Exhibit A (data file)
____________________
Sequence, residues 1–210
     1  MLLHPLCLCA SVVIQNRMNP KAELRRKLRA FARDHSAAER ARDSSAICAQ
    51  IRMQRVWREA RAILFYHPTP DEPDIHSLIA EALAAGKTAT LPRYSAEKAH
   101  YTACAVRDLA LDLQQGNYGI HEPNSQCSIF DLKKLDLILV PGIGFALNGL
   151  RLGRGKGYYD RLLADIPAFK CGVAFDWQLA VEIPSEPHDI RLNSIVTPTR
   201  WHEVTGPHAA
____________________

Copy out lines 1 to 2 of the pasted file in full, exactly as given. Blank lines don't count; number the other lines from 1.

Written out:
Sequence, residues 1–210
     1  MLLHPLCLCA SVVIQNRMNP KAELRRKLRA FARDHSAAER ARDSSAICAQ